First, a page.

Director: George Schaefer
Runtime: 103 minutes
MPAA Rating: G
An Enemy of the People has Steve McQueen playing one of his most unexpected roles: a nineteenth-century Norwegian doctor. The “King of Cool” doesn’t even whup anybody’s ass in this film! Anyway, this flick is about small-town doctor Thomas Stockmann (Steve McQueen) discovering that the waters for the community’s new medicinal spas are actually infected with dangerous bacteria, and his fight against the power to ensure the safety of tourists and others.
This drama, being based on an 1882 play from Henrik Ibsen, is certainly a talky one. Being inspired by a work of theater, use of locations is fairly limited, and, needless to say, there are no big action set-pieces. Still, Steve McQueen largely disappears into the role, partially thanks to a bushy beard. Hell, it seems like every adult male in Norway at the time was required by law to have facial hair, based on this movie.
Okay, so we have beards and talkiness, so what’s to like about An Enemy of the People? Well, the picture probes interesting philosophical conundrums that are still relevant, especially after the Flint, Michigan, water crisis and the outbreak of COVID-19. This feature is all about the clash between public health and political expediency. The film illustrates how easily democracy can be subverted, reinforcing that the majority is not always right.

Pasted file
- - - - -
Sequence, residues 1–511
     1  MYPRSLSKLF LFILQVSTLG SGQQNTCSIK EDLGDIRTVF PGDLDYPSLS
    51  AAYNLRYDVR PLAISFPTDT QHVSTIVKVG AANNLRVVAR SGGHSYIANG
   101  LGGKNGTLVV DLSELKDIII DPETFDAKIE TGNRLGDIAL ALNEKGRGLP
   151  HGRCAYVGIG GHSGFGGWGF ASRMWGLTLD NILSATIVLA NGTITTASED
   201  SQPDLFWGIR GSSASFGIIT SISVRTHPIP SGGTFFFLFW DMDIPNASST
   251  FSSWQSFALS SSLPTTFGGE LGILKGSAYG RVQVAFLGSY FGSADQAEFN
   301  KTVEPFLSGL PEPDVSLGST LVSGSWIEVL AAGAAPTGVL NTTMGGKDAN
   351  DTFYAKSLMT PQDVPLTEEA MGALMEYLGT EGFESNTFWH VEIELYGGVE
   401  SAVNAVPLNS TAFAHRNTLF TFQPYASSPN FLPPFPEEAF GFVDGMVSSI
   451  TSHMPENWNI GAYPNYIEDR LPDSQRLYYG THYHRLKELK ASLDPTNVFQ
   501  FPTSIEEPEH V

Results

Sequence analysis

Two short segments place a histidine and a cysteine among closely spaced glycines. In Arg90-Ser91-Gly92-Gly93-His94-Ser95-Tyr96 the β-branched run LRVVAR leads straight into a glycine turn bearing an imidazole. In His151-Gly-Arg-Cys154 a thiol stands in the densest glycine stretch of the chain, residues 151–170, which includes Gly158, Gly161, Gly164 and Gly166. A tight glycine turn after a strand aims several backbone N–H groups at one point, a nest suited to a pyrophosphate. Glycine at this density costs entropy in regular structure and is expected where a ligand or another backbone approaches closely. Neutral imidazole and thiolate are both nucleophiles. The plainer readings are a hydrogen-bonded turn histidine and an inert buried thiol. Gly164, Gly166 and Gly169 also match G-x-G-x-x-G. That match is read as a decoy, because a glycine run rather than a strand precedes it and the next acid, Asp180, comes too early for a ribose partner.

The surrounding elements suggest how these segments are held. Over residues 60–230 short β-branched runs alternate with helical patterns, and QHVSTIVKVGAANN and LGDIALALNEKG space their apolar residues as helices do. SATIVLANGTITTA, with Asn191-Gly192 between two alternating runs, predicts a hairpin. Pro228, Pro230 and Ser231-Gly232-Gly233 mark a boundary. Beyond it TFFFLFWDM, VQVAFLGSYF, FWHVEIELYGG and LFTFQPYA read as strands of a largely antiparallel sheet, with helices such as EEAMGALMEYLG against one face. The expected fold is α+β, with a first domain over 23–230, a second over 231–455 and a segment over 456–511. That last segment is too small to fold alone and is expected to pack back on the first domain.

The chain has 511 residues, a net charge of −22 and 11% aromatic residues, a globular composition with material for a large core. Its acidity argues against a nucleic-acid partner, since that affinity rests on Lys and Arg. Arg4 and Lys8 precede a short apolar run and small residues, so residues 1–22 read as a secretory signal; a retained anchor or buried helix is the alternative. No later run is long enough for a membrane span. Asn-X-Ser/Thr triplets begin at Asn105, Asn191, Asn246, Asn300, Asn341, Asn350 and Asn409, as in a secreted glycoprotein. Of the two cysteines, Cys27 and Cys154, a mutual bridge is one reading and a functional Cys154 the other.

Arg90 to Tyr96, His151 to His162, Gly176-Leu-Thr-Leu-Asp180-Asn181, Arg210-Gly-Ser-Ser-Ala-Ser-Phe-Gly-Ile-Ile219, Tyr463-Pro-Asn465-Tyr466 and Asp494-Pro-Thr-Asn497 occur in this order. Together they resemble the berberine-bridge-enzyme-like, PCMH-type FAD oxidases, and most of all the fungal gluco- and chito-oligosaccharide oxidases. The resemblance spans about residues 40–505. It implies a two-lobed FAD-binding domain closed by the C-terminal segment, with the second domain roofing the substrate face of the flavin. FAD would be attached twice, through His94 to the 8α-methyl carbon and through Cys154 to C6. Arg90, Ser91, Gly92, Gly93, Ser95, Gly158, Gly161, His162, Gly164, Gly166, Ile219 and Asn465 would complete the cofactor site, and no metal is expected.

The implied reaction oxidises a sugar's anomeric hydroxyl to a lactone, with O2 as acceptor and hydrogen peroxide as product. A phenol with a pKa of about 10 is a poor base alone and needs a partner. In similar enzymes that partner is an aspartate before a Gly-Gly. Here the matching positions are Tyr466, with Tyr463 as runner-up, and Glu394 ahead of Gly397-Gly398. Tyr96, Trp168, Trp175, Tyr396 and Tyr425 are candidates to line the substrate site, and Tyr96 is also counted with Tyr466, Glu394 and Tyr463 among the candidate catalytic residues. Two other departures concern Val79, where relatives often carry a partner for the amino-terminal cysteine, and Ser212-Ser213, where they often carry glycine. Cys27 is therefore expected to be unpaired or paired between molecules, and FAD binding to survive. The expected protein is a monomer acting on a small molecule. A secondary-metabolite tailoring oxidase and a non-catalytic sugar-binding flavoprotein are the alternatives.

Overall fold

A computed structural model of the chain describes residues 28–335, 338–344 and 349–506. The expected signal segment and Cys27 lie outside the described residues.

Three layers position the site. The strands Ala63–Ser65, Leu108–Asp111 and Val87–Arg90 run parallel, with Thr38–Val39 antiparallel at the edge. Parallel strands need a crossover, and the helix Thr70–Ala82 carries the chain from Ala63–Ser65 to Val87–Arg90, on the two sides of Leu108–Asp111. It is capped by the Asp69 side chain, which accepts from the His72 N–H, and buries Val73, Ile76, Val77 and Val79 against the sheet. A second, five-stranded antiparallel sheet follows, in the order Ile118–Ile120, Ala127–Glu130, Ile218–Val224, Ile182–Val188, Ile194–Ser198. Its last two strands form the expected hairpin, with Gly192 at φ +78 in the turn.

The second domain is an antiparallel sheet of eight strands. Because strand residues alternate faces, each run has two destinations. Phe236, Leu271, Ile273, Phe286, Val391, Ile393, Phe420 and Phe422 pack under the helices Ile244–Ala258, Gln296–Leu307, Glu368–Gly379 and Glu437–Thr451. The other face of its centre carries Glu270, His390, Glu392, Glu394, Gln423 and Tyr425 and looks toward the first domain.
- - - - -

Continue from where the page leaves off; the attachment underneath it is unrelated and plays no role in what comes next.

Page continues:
Steve McQueen executive produced this feature, feeling it might give him a good chance to show off his acting talent, giving him a break from action-oriented roles. Unfortunately, it was not a financial success, and McQueen would only star in two more films before his passing. An Enemy of the People isn’t a top-tier McQueen flick, but it is food for thought.
My rating is 7 outta 10.